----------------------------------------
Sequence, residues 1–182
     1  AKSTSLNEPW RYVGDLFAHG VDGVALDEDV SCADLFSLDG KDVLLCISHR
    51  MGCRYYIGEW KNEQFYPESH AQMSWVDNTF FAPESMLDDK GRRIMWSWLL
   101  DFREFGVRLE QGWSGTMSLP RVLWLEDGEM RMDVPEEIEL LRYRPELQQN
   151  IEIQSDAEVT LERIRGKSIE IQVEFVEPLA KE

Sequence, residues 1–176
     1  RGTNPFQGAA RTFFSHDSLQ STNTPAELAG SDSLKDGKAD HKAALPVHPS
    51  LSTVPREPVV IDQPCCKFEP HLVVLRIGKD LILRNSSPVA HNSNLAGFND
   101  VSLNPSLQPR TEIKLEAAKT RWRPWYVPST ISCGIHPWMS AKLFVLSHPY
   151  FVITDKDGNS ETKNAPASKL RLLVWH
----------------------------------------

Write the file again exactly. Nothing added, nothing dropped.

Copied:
Sequence, residues 1–182
     1  AKSTSLNEPW RYVGDLFAHG VDGVALDEDV SCADLFSLDG KDVLLCISHR
    51  MGCRYYIGEW KNEQFYPESH AQMSWVDNTF FAPESMLDDK GRRIMWSWLL
   101  DFREFGVRLE QGWSGTMSLP RVLWLEDGEM RMDVPEEIEL LRYRPELQQN
   151  IEIQSDAEVT LERIRGKSIE IQVEFVEPLA KE

Sequence, residues 1–176
     1  RGTNPFQGAA RTFFSHDSLQ STNTPAELAG SDSLKDGKAD HKAALPVHPS
    51  LSTVPREPVV IDQPCCKFEP HLVVLRIGKD LILRNSSPVA HNSNLAGFND
   101  VSLNPSLQPR TEIKLEAAKT RWRPWYVPST ISCGIHPWMS AKLFVLSHPY
   151  FVITDKDGNS ETKNAPASKL RLLVWH